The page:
MyEG: From permit renewals to insurance agents

On 6 October 2015, the MyCC issued a proposed decision against MyEG for abusing its dominant position as a provider and manager of online foreign worker permit renewals.  The market that was being harmed was not the permit renewal one however, and instead the market for mandatory insurances foreign workers are legally required to subscribe to.  A proposed decision is akin to the MyCC informing an allegedly infringing party what the case against them is and what penalties the MyCC has in mind.  The party is then given some time to reply. This is the procedure prior to all actual decisions.

How MyEG became dominant

We’ll start with a little back story.

Back in January 2015, MyEG was appointed by the government as the sole operator of online databases for foreign workers.  Following the announcement, MyEG shares surged dramatically.

CIMB Research in a note said that it has raised MyEG’s target price from RM5.28 to RM7.80.

The Star

The fact that MyEG was handed the sole reigns of such a lucrative position was met with much criticism from both politicians and business groups.

The business community is extremely concerned that the government is setting up a bad precedence by compelling all employers into having to deal with a sole private entity on a mandatory basis, and having to pay exorbitant service charges, without the option of an alternative system…

Datuk Low, Secretary General of Chinese Chambers of Commerce.

While Datuk Low was wrong about this being against the Competition Act, he was right that MyEG became a monopoly overnight (which is not in itself illegal).  Business as usual in Malaysia.

MyCC’s case against MyEG

So how did a dominant position in the online permit renewal market lead to the MyCC investigating MyEG for harm in a different market, namely, insurance?  According to competition law principles, a dominant position in one market can be abused at the expense of competition in another related market.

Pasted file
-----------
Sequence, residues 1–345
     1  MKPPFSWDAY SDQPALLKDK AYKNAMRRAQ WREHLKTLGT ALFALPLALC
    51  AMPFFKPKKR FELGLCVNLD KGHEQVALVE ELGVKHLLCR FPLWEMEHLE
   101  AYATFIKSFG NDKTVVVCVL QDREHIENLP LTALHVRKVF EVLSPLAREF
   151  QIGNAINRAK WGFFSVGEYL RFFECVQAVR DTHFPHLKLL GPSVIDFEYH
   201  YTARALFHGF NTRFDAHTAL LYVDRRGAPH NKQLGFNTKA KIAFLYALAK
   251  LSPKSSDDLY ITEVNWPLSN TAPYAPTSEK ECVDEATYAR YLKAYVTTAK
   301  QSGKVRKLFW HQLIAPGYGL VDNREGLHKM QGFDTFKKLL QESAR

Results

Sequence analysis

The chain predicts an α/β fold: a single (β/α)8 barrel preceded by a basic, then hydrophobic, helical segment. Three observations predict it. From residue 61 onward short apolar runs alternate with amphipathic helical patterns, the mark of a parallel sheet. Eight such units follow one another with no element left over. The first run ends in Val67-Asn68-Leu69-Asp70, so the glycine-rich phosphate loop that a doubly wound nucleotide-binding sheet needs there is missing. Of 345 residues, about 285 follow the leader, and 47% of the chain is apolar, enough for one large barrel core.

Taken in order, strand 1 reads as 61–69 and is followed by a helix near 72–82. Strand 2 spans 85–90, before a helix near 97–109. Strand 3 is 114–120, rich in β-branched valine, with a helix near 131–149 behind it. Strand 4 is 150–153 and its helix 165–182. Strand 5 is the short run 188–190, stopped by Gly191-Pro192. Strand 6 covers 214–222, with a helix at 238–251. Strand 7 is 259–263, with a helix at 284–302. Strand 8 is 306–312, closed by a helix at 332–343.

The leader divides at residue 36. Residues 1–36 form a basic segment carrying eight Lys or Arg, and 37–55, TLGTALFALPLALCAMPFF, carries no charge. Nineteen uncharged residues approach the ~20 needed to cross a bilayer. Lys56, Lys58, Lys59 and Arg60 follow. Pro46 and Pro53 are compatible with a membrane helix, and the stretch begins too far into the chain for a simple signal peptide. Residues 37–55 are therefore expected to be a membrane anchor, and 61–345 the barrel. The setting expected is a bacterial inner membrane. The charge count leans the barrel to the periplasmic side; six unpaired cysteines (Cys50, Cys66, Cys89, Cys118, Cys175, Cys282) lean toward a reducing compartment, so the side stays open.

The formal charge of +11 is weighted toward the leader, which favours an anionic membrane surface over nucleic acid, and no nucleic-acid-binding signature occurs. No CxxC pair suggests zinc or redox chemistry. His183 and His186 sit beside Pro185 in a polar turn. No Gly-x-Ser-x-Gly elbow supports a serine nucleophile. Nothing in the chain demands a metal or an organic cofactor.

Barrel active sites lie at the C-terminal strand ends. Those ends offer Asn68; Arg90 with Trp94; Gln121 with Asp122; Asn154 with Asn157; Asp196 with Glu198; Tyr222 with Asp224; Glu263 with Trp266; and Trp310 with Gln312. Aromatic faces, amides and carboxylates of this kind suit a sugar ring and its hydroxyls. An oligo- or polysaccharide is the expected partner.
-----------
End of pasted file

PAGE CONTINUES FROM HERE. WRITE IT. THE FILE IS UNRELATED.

As permit renewals and the subscription of the mandatory insurances come hand in hand, it is clear that the ability to do both is very convenient.  According to the proposed decision, MyEG acted as the agent for RHB Insurance Bhd, which sells the mandatory insurances.  By doing so, it harmed the level of competition in the selling of mandatory insurance policies.

In short, the MyCC’s case is that MyEG is abusing its dominant position as the provider of permit renewals to compete in the insurance selling market, specifically breaching Section 10(2)(d), “applying different conditions to equivalent transactions with other trading parties to the extent that may harm competition.” The ‘other trading parties’ in Section 10(2)(d) for this case refers to other insurance sellers.  By acting as the agent for [only?] RHB, MyEG is effectively excluding other insurance sellers.

Although the proposed decision takes the position that MyEG had harmed competition in the market for selling insurances, its statement that MyEG was itself competing raises the question as to who has been harmed: insurance agents, or insurance underwriters?

That the MyCC is likely also concerned about other the harm on other insurance agents is supported by the fact that besides a fine of RM307,200.00, the proposed decision requires that MyEG comply with the following remedies:

(i) terminate the existing agency agreement and to not enter into agency agreements of a similar nature; and

(ii) provide a gateway for other insurance sellers to compete at the same level.

with a daily penalty of Rm15,000.00 for non-compliance.

Effectively, MyEG must remove itself from acting as an agent for any other insurance underwriters.

After the proposed decision

Strangely, the focus seemed to centre around the fine of RM307,200.00.  Granted, for MyEG, that probably isn’t a very large sum.  In a filing with Bursa, MyEG commented that the fine was unlikely to hurt its earnings.

But what can probably hurt MyEG is if the remedies in the final decision remain the same, thereby MyEG can no longer act as an agent, and earn commissions.

MyEG currently earns RM35 for the FWPR [permit renewal] online transactions services and RM65 commission from selling mandatory foreign workers insurance annually.

CIMB Flash Note

Since the proposed decision, MyEG shares continue to rise.

Note: The facts are a little unclear.  The CIMB report indicates that MyEG works with 2-3 insurance companies, not just RHB.  In the proposed decision, only RHB is mentioned.

In addition, CIMB believes that if MyEG is to open up to all other insurance sellers, 50% would still use MyEG.  This is, of course, provided the first remedy that MyEG exits the insurance agent market does not stand.

Update 5 July 2016: The MyCC has since issued its final decision, fining MyEG a total of RM2,572,200, with the additional remedies of MyEG providing fair and competitive access to other insurance agents, but not disallowing MyEG from competing, as was in the proposed decision. The details in the final decision state that while MyEG did not make it compulsory for insurance buyers to purchase it from them, MyEG did made it more difficult to renew their foreign worker permits by not doing so, essentially creating dissimilar conditions for the same product.

MyEG is appealing the decision.

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Author: Mervyn Lai

Lawyer. Competition Law LLM (Distinction) University of Glasgow.

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